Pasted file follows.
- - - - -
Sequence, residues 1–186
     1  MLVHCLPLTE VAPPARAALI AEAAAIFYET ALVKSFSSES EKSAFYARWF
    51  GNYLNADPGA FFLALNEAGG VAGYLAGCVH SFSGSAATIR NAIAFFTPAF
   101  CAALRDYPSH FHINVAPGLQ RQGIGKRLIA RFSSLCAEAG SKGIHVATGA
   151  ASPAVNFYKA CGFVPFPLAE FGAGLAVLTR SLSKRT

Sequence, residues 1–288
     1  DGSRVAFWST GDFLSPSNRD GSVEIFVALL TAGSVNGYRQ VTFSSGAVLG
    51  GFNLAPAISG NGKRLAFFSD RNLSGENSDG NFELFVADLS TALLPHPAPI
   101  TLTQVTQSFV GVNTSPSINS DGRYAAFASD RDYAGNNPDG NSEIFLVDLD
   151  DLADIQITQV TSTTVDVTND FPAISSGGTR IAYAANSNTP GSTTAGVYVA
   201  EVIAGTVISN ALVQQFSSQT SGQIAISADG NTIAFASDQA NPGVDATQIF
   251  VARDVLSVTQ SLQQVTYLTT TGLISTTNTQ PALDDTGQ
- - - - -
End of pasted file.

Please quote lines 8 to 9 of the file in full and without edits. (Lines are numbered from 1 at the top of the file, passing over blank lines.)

    51  GFNLAPAISG NGKRLAFFSD RNLSGENSDG NFELFVADLS TALLPHPAPI
   101  TLTQVTQSFV GVNTSPSINS DGRYAAFASD RDYAGNNPDG NSEIFLVDLD